Almost any time I do any public speaking – not often since the pandemic began – a member of the audience will ask something like this:
“What advice would you give to a young person who wants to work in newspapers?”
After I stop laughing, I ask if the young person has a trust fund. If the answer is no – and it’s always no – I say there is no money and no future in newspapers. The young person should learn to code or do something useful, like dog grooming.
That usually gets a laugh. But I’m not joking.
Newspapers large and small are circling the drain. It’s a national tragedy. Here in Tidewater we just found out that both The Virginian-Pilot, where I spent 33 years, and The Daily Press, are now owned by a hedge fund.
Trust me, this is not good news. These skinny publications are about to lose a lot more weight.
We’ll be lucky if they don’t starve to death.
With newspapers from coast to coast on life support, what is the woke crowd fretting about now?
Lack of diversity among political cartoonists.
A piece in The Washington Post by Michael Cavna — self-described as a “man of many hyphenates” — asked, “Newspaper Cartooning Is Dominated By White Men. Will A New White House Spark Change?”
No, Mr. Cavna, it won’t. Even the mighty Joe Biden can’t save this endangered profession. Cartoonists are the spotted owls of journalism.
In fact, given the rate that newspapers are hemorrhaging money, it’s hard to believe that any daily papers waste resources on cartoons.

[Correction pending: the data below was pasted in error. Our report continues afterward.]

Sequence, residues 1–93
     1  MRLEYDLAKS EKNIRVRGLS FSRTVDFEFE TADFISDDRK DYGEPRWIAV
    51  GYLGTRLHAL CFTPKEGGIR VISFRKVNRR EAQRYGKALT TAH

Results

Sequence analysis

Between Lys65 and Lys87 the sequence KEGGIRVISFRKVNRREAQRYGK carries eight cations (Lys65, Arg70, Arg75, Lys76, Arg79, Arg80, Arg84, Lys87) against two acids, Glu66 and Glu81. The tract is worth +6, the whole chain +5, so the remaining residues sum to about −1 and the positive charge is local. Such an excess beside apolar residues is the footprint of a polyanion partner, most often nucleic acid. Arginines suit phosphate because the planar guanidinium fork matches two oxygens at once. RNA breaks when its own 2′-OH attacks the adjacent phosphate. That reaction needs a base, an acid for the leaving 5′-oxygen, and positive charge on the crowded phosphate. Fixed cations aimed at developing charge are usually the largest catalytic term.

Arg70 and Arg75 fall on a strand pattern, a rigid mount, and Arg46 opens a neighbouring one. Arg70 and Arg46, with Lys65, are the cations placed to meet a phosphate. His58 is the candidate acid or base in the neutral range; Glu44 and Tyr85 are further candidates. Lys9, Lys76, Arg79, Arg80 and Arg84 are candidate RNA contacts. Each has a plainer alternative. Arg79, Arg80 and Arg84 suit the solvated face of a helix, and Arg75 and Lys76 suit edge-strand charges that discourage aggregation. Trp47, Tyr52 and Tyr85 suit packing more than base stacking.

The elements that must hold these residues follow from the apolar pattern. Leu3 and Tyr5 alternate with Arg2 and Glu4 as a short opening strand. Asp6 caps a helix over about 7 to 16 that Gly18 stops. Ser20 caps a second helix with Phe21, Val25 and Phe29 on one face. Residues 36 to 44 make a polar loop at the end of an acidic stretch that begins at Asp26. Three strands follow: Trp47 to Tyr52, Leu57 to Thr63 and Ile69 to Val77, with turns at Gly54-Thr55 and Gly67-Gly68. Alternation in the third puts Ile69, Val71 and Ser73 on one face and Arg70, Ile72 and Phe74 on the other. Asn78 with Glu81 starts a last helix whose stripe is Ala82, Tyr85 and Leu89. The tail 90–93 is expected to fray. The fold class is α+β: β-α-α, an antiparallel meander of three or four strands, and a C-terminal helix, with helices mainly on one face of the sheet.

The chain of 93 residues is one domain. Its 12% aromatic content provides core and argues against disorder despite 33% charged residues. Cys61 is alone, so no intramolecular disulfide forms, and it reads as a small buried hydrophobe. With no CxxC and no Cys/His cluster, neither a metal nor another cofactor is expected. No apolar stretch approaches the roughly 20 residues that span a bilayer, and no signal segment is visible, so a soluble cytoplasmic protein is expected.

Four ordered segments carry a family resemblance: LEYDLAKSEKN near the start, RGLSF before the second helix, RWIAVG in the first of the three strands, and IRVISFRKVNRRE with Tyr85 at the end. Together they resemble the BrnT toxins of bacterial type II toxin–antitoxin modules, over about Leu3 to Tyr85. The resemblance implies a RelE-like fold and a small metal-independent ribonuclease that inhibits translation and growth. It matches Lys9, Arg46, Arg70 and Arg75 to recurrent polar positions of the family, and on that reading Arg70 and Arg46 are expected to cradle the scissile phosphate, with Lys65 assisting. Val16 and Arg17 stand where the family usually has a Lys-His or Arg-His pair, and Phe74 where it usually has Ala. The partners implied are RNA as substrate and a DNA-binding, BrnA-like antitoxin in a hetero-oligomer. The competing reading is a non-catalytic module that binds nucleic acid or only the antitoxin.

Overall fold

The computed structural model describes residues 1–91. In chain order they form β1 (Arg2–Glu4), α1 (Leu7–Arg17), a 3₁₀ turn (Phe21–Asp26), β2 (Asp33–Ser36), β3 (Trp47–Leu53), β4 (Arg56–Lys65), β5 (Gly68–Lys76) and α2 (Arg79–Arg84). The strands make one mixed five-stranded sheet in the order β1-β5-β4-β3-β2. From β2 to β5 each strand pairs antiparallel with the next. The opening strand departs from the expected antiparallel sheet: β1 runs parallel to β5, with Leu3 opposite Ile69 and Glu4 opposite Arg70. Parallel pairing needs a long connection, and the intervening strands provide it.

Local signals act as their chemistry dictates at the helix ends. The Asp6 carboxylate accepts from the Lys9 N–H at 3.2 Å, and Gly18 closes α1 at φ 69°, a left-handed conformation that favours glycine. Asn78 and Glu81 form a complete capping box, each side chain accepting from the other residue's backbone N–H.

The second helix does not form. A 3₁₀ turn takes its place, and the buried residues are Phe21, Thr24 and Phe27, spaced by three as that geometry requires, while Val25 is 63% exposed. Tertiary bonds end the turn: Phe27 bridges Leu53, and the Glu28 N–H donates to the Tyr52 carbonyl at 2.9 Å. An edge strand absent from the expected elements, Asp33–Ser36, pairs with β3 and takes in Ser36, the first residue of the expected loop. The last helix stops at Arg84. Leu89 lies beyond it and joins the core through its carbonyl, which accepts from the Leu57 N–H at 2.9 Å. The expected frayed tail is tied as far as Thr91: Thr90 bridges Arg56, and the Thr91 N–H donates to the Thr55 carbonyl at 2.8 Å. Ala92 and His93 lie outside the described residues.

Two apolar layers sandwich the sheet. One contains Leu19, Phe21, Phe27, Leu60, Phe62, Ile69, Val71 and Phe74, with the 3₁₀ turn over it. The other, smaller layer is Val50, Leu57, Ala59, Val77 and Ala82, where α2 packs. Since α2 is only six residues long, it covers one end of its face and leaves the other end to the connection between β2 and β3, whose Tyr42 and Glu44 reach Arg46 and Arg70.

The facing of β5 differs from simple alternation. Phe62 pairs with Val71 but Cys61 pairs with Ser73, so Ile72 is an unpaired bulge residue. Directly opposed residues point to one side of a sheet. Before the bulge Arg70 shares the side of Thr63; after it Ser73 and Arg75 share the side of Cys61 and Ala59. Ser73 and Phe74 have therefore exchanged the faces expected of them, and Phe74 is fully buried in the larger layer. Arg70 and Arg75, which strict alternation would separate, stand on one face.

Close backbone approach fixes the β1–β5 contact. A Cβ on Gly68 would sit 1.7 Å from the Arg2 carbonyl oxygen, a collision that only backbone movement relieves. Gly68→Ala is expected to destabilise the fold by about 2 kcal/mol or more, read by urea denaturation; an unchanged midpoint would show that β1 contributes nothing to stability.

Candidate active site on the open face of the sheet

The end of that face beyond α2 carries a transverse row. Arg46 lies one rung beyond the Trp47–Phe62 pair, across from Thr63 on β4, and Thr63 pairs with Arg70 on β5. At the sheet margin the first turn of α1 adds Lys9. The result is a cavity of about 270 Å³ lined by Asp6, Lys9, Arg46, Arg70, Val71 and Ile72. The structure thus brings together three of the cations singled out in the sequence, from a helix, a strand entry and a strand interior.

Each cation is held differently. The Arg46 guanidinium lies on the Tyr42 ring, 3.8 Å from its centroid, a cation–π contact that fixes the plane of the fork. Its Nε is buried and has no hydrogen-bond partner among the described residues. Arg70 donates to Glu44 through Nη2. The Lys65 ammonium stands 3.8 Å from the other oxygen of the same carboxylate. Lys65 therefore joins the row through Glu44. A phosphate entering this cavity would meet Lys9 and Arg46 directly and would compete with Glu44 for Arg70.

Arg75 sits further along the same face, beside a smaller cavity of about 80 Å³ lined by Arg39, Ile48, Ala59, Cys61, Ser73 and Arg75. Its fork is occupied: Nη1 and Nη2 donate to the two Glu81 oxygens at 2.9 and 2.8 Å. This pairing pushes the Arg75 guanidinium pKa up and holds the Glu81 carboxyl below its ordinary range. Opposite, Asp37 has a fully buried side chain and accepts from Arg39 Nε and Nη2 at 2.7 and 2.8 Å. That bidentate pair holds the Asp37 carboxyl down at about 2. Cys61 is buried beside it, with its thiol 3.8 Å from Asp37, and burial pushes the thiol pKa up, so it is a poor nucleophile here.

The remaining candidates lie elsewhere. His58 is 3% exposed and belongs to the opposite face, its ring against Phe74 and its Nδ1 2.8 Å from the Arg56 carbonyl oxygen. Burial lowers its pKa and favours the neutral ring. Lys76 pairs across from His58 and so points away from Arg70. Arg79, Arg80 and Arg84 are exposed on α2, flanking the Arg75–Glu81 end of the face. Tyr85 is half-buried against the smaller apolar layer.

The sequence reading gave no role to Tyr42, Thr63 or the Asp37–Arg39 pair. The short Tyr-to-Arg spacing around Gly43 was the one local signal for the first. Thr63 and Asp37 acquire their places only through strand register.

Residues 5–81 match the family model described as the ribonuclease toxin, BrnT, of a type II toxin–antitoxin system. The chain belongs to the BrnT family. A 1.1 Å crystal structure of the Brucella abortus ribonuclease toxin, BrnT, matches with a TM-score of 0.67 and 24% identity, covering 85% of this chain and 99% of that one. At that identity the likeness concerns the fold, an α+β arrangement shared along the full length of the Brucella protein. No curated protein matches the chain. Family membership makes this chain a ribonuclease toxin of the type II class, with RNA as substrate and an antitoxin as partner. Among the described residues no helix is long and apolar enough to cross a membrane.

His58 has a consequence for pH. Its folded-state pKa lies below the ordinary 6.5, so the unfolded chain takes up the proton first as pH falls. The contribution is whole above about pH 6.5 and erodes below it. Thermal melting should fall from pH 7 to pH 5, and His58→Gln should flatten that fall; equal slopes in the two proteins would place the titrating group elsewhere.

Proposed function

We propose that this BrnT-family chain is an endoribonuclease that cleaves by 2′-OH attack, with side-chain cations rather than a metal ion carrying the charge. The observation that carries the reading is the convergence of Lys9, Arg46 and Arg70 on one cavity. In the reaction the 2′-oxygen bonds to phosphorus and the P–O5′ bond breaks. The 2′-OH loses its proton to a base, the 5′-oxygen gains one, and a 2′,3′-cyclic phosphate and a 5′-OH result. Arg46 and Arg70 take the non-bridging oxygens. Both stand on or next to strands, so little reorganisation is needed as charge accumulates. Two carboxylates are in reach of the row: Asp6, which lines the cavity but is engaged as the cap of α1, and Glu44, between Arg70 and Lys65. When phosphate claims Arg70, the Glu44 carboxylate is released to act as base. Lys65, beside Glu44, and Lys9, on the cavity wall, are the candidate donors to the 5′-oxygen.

Nevertheless, this writer/cartoonist seems convinced that what newspapers really need are more “queer non-binary cartoonists” to put their own special spin on the issues of the day.
Um, I hesitate to point this out, but few professions are more likely to evaporate in the next five years than political cartooning. Where, exactly, will these artists sell their brilliant cartoons once there are only two or three newspapers left?
Oh, and Cavna also believes there should be more women cartoonists.
At the risk of stereotyping, here’s a little secret: Women, on the whole, don’t even look at political cartoons, no matter who creates them. Newspaper publishers know this through surveys of their readers. It was true for decades.
Heck, I don’t like cartoons. Never even glance at them.
When I began working as a lowly copy aide at The Washington Post in the late 1970s, the super-talented Herblock had his office near our station. A little-known fact about this four-time Pulitzer Prize winning cartoonist, the G.O.A.T, was that he was insecure.
He’d wander out most afternoons with a sketch in his hand for the next day’s paper and ask us if we thought it was funny.
It was kind of awkward.
But Mr. Block was a sweet man whose secretary brought us dozens of homemade cookies, so we’d roar with laughter. Weird thing is, the guys seemed to actually enjoy his cartoons. The females? Not so much.
Come to think of it, Herblock was the definition of woke when he was in his prime. He skewered Eisenhower for not being tougher on McCarthyism and Richard Nixon for being so damned corrupt. He went after George Wallace, Huey Long and J. Edgar Hoover. He took on Bill Clinton and George W. Bush. No female or hyphenated cartoonist could have launched better zingers at the powerful.
American newspapers have a million problems. Lack of diversity among the few remaining political cartoonists isn’t one of them.
This column is republished with permission from Kerry: Unemployed & Unedited.